The current increase in impervious surfaces across the watershed, when combined with climate change, also creates hotter cities, a phenomenon referred to as urban heat islands. Areas without trees are on average 12 degrees hotter than in areas with trees in the same city.

Additionally, increases in impervious surface areas also create what is referred to as “micro-climates.” In heavier concentrated areas, like cities who have larger amounts of impervious surfaces, experts are finding their climate differs from the surrounding area. These conditions can lead to not only more extreme heat, but “rain bombs,” or high intensity, short duration storms. From 2001-2022, there were six times the number of storms resulting in damages exceeding $1 billion dollars compared to the previous two decades. If the current trend of tree loss continues, cities will become hotter and are expected to experience more extreme weather events.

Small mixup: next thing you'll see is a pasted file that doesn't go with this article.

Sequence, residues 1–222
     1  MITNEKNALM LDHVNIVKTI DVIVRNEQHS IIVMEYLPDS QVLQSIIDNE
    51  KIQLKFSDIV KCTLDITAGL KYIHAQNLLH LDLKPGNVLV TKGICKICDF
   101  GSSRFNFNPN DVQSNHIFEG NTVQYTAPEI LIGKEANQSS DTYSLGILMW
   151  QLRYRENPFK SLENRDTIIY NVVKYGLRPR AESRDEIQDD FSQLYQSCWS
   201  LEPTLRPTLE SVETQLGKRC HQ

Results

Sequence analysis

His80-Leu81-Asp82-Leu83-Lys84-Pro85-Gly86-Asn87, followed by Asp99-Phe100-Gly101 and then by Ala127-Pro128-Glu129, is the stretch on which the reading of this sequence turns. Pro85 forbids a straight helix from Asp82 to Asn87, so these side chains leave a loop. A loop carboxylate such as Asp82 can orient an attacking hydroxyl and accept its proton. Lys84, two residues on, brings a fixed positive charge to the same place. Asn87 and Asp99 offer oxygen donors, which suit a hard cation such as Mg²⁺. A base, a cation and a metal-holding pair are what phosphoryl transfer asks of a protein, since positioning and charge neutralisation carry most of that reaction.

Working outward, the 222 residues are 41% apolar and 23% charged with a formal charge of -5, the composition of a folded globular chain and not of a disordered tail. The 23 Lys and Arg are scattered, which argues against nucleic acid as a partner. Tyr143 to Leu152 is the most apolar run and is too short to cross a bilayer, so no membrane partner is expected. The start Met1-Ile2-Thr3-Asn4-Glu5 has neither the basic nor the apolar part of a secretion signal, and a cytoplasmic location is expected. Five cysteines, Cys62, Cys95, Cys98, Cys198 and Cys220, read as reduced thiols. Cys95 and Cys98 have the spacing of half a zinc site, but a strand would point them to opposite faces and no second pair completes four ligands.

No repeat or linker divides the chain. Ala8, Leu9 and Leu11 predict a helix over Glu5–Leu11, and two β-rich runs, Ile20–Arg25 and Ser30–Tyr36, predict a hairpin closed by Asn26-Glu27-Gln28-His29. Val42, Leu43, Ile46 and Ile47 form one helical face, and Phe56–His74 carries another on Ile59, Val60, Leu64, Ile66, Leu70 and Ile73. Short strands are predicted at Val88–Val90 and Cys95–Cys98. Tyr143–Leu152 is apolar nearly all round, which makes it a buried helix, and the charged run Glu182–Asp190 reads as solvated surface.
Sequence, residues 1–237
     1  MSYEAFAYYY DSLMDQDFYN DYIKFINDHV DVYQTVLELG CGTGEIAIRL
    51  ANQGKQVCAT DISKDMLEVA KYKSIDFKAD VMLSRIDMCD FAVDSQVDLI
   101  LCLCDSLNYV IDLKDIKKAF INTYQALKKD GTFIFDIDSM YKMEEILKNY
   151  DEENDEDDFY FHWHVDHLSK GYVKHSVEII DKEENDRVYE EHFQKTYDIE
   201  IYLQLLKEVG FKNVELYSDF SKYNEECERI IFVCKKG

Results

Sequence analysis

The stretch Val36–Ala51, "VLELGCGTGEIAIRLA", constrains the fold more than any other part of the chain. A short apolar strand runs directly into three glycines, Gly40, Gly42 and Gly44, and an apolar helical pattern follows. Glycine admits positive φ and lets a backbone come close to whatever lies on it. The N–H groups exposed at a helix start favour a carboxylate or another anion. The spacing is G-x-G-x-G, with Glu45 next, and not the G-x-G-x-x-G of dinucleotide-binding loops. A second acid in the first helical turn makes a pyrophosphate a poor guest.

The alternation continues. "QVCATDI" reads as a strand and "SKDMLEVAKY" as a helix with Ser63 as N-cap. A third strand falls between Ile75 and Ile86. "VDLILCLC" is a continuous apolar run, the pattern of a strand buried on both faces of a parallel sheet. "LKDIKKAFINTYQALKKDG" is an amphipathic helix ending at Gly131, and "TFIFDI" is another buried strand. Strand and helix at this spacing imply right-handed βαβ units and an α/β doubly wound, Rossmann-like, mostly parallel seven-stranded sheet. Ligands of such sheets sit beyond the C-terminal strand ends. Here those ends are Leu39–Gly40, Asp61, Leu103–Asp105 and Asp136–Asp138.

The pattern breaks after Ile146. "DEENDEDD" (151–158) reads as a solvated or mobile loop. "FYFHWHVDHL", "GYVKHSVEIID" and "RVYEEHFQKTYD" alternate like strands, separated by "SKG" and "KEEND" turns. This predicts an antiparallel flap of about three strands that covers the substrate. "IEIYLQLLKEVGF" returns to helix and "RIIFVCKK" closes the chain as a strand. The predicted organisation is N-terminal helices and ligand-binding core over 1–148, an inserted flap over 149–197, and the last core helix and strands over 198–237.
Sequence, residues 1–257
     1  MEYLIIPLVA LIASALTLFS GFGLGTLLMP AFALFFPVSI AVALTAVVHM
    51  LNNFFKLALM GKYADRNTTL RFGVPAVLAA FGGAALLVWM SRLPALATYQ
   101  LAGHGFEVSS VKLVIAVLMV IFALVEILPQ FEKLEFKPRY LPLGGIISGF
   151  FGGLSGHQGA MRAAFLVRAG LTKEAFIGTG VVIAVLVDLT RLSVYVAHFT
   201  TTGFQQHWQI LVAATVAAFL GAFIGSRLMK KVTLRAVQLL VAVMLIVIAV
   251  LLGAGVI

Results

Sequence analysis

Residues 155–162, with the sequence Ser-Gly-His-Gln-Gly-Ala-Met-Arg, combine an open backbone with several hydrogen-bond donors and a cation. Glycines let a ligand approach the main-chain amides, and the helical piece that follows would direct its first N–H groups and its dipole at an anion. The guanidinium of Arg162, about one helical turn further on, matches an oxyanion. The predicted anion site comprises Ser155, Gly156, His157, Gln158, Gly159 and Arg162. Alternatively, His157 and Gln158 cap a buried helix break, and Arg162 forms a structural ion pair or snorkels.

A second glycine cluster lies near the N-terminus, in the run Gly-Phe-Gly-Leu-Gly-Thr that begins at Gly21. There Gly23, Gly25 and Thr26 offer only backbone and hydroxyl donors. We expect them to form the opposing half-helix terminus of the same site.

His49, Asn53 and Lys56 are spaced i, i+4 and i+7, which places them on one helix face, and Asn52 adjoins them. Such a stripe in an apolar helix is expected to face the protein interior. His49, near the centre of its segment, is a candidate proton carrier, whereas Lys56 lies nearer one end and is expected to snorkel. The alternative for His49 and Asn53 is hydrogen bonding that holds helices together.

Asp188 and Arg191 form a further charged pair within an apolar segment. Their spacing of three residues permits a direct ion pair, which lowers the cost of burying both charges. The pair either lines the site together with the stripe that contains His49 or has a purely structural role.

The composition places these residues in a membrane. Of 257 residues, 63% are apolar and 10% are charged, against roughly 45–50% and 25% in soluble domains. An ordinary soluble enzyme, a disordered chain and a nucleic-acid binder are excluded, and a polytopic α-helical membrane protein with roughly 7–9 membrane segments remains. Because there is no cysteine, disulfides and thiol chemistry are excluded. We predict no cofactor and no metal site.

Peter Claggett, a research geographer with the U.S. Geological Survey, demonstrated the high-resolution land use and land cover data that is helping to map these areas of tree canopy loss, as well as a new tool referred to as the Hyper-Resolution Hydrography mapping data. The software is capable of mapping the entire watershed at a one-by-one meter resolution, which is so detailed that it can pick up ditches, gullies and wales, and even distinguish between perennial and intermittent streams.

The data showed that between 2013/14 and 2017/18 in the 64,000-square-mile Chesapeake Bay watershed: